A road trip across the Olympic National Park in Washington state is a great way to explore this diverse national park. Can’t choose between mountains or beaches? Fret not. Olympic National Park has glacier-capped mountains, temperate rainforests, and over 70 miles of wild coastline.
Things to do in Olympic National Park
For our road trip, we started in the mountains at Hurricane Ridge. It is the most easily accessed mountain area within Olympic National Park. We took a ferry from Seattle to Port Angeles and then drove up to Hurricane Ridge that saved considerable time. Fun fact – You can transport your vehicle on the ferry.
If you are visiting during the winter months, check for road conditions/closures before. Per state law, all vehicles must carry tire chains during the winter season and National Parks strictly abide by this law. Fortunately, I went there in April 2017 and the roads were open despite the snow. Current status – There is limited access to Olympic National Park due to the government shutdown and recent storm damage.
While the drive to Hurricane Ridge itself is very scenic, the summit is gorgeous. Everything was enveloped in snow. It was dramatic and mesmerizing. That’s the effect of being in the mountains. They leave you speechless and spellbound.
Next stop, a pristine mountain lake. Lake Crescent is massive and every meandering turn beckons you to pull over. You can rent cabins overlooking Lake Crescent and wake up to this alpine beauty. It is definitely on my bucket list item for this year.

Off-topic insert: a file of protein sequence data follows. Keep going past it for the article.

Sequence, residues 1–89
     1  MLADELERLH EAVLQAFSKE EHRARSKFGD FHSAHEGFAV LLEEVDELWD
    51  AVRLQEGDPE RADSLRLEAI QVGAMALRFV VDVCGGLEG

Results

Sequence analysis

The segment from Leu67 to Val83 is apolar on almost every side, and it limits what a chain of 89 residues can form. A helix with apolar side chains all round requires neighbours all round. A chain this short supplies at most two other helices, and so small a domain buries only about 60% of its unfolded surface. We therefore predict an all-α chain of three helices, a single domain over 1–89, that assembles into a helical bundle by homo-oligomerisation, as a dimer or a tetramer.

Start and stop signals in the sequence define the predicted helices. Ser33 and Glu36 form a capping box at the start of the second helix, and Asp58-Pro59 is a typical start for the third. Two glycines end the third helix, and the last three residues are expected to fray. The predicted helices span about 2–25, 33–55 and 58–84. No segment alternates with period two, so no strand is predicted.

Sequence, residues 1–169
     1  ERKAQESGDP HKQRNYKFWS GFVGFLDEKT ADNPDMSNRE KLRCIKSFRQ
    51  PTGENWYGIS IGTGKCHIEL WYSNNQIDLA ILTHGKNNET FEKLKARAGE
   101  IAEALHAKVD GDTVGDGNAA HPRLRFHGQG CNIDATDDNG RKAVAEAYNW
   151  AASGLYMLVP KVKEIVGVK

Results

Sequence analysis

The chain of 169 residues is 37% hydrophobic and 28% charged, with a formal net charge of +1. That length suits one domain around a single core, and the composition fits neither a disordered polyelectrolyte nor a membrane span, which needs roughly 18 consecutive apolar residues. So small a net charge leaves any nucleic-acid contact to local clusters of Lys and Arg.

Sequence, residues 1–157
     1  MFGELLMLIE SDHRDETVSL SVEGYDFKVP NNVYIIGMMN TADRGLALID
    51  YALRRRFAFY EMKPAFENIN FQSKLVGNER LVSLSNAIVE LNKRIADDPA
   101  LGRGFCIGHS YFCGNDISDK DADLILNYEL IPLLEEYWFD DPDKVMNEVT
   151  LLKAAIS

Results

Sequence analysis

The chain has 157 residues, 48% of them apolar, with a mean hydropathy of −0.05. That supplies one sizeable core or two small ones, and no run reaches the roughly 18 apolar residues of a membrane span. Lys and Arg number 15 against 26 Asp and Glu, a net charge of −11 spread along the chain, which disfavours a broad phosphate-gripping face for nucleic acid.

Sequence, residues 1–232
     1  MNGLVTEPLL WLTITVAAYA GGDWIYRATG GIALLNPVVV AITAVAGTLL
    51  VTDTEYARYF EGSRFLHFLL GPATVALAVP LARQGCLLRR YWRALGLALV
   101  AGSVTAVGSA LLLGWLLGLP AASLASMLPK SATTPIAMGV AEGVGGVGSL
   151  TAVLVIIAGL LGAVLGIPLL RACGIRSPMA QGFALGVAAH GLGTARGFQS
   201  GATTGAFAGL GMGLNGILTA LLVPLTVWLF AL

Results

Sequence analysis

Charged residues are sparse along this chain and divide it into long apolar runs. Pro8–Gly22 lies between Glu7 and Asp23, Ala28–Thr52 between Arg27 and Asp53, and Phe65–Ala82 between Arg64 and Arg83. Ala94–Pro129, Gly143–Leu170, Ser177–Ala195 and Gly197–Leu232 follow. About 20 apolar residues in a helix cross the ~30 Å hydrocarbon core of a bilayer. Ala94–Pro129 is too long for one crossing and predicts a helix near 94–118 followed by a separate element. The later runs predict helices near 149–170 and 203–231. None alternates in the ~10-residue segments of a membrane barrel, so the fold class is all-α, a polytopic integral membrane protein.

Travel to Forks, Washington to see the actual town where author Stephenie Meyer based her Twilight saga novels. You may not be spoilt for choice in terms of accommodations and restaurants, but isn’t what small-town charm is all about?
Hoh Rain Forest
I was excited for this one, to visit one of the largest temperate rainforests in the U.S. You are surrounded by a lush green canopy of mosses, ferns, and all kinds of vegetation that entangle in one another almost camouflaging. A unique ecosystem that makes you wonder whether you’ve been teleported. Take the nature trails – Hall of Mosses Trail (.8 miles), and the Spruce Nature Trail (1.2 miles).
Sunset at Ruby Beach
The Olympic Coastline is breathtakingly beautiful and Ruby beach is the crowning glory. There are huge sea stacks, piles of driftwood logs, tide pools, and beautiful bluffs. If you wait till the sun starts to go down, you will be rewarded with gorgeous shades of pink/purple skies slowing turning crimson. We sat there for hours just watching the waves crash and sky change its colors. Couldn’t have asked for a better way to end our day in Olympic National Park.
A rocky beach with cobbles instead of soft sand, Rialto Beach is the most accessible beach in the Olympic peninsula. Just off the parking lot, you can walk to the beach. It may not be as spectacular as Ruby beach, but we’ve heard it’s popular for whale sighting. A 2-mile walk leads you to Hole in the Wall – a sea carved arch.
A beach hike through a forest sounded quite interesting. The forest opens up to the beach and that is a beautiful sight. Other than that the beach itself is no different than the ones you have already seen. Also, you will have to scramble over driftwood logs to get in and out of the beach.
As you can tell, this road trip takes you on a whirlwind tour of three ecosystems. I did this itinerary in two days so I found myself in the mountains in the morning, traversing through a rainforest in the afternoon and then finishing with sunset at the beach. It was pretty unbelievable and exciting to describe what I felt about it.